Climate Stories: The End of a Way of Life in Mongolia

It was a catastrophic era for a country with a tradition of nomadic pastoralism dating back thousands of years. Herders make a living by selling animal products — including meat, wool and cashmere. Without their animals, they become cash strapped and cannot pay for basic needs.

Dzuds, unique to Mongolia, are homegrown natural disasters born out of the country’s unusual environment: landlocked, semiarid and prone to swings in temperature and precipitation.

Bodies of water from his childhood, like the river where he used to swim, have dried up. “In old times, it was not like that,” he says. “Everything was very balanced. We had good rivers and creeks. Now, herders have to rely on water wells. People say it’s because of global warming.”

“Climate change is very complicated”

This touching and heart wrenching story continues at https://www.npr.org/2019/07/29/737990796/the-deadly-winters-that-have-transformed-life-for-herders-in-mongolia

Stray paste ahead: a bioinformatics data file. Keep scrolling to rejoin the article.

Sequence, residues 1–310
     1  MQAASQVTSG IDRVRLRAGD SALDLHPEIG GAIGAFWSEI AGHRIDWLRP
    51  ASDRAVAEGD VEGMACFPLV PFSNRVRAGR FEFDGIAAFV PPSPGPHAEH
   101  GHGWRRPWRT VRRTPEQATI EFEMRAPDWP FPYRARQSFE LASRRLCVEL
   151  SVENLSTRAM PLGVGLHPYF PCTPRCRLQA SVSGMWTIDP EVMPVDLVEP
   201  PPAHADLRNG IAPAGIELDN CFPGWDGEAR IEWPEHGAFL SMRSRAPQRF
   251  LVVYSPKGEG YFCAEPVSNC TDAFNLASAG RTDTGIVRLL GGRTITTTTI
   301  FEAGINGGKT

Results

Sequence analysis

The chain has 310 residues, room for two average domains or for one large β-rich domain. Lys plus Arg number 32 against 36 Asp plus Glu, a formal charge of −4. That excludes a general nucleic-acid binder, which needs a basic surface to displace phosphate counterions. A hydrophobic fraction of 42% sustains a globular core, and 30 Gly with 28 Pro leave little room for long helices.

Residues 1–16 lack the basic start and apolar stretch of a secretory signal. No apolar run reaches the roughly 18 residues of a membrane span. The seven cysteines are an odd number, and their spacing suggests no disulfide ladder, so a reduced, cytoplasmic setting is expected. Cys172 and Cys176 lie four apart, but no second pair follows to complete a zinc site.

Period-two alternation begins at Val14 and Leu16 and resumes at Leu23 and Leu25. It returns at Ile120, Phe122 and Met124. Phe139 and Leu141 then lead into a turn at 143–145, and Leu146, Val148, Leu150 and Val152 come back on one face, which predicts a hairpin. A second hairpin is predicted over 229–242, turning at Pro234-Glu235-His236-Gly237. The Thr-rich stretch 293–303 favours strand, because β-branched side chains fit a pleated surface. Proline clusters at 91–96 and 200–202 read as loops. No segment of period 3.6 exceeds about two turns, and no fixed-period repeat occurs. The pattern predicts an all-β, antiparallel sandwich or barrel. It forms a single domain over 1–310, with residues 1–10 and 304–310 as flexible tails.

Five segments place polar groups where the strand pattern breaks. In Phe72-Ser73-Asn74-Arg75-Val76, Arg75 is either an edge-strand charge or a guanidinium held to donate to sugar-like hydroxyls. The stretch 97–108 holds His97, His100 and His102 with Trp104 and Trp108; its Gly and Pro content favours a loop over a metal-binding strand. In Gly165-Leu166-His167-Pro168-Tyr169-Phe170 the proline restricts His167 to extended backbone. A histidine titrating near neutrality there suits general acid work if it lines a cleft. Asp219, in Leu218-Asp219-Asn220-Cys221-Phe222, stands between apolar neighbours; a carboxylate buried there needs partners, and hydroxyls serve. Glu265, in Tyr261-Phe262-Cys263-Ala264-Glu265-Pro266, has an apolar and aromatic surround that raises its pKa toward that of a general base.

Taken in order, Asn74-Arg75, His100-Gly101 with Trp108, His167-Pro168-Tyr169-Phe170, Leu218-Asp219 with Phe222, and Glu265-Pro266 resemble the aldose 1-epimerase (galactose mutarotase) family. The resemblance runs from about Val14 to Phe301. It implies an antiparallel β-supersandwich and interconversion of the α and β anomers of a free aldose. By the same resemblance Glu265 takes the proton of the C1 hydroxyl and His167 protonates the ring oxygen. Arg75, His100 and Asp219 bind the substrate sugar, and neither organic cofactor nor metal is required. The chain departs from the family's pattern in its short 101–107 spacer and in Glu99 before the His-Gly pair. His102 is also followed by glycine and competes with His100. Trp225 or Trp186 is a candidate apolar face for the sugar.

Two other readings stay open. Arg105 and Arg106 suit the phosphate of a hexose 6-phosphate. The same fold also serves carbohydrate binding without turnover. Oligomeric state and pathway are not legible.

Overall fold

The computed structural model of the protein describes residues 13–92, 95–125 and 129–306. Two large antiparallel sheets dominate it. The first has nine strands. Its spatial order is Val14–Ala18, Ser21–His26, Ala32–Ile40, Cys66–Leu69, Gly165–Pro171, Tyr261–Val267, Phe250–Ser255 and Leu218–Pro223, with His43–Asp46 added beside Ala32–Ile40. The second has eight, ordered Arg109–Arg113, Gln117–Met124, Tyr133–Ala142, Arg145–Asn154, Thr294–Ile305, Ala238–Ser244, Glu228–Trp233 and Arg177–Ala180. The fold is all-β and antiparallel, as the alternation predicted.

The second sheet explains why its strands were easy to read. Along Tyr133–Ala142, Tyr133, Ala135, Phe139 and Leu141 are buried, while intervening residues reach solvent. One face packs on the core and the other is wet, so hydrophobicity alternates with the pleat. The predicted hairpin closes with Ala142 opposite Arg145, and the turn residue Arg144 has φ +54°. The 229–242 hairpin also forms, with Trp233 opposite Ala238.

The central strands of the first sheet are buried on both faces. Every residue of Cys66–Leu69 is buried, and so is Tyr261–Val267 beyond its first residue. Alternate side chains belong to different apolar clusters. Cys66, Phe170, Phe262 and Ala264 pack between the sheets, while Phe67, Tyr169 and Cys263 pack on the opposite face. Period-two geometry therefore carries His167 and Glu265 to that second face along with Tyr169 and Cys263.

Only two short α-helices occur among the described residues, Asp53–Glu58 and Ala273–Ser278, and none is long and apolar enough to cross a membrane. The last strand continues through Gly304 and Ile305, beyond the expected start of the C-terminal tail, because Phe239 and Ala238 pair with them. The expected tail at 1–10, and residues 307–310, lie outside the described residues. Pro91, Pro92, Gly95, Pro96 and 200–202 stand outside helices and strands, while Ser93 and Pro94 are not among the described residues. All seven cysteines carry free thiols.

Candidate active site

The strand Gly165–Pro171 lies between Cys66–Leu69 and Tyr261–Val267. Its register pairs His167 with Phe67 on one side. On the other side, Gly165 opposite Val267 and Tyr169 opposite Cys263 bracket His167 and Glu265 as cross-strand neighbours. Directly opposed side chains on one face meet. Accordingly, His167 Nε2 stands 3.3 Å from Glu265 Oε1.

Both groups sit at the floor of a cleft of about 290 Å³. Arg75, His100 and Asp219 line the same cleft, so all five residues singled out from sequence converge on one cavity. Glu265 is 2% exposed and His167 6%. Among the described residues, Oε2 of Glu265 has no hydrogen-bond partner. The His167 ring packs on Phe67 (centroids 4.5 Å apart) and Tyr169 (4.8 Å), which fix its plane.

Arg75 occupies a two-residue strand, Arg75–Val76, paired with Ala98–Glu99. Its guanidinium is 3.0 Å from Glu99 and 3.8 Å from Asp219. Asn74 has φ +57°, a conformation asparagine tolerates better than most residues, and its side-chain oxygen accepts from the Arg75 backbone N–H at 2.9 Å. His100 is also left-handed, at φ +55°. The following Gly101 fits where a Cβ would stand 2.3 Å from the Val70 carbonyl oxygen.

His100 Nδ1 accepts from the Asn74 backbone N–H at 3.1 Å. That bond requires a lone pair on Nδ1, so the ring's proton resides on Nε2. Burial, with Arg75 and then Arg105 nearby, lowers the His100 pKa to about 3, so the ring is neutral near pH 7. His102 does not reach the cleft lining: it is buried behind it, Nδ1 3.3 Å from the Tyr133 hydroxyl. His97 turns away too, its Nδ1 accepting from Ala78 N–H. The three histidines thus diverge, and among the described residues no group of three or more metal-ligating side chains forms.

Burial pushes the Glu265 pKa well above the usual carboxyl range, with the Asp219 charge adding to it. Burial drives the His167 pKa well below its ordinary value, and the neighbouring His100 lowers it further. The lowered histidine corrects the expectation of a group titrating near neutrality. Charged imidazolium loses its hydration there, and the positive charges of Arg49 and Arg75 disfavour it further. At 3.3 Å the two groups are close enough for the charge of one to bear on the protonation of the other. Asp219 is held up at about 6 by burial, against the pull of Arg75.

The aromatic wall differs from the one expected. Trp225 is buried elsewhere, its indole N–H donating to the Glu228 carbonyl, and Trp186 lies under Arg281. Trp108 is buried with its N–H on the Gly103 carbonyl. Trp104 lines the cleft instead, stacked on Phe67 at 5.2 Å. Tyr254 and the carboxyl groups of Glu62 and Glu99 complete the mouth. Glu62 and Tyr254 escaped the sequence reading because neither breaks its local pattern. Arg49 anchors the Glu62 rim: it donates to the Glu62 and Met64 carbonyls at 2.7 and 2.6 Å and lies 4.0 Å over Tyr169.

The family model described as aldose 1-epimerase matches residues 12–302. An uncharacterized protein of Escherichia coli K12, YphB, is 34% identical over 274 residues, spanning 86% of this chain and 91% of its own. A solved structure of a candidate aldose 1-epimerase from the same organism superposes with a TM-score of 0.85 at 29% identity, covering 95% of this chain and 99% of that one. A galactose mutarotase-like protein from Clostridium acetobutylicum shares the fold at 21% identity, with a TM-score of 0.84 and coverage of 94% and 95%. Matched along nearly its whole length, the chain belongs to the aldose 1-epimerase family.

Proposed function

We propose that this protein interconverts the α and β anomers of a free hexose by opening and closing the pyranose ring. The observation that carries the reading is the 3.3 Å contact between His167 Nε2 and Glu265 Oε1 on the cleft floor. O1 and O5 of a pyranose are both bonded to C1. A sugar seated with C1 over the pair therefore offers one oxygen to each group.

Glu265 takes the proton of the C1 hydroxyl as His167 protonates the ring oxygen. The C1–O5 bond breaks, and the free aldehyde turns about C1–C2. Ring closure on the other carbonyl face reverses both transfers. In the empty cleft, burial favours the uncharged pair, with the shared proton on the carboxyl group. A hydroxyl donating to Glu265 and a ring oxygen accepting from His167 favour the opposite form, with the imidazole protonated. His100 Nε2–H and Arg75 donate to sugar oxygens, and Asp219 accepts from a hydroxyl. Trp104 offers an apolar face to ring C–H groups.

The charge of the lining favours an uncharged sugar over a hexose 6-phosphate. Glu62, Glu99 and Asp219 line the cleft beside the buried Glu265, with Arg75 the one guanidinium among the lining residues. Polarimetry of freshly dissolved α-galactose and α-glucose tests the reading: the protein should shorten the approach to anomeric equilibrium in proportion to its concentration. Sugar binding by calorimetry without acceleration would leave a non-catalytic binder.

Published by Kaytlyn Creutzberg, BSc, NSch, MA

#SayItLikeItIs: In her two years of graduate work (2016-2018), Kaytlyn learned the art of bearing witness to an unheard collection of stories about human dignity. She first explored how she could apply a spiritual care therapeutic model to how farmers relate to their land. Realizing a greater cultural narrative was implicated, she then studied the impact of collective memory on cultural narratives and the pervasive "don't care" attitudinal construct towards Earth and Her landscapes. (formerly Gayl)

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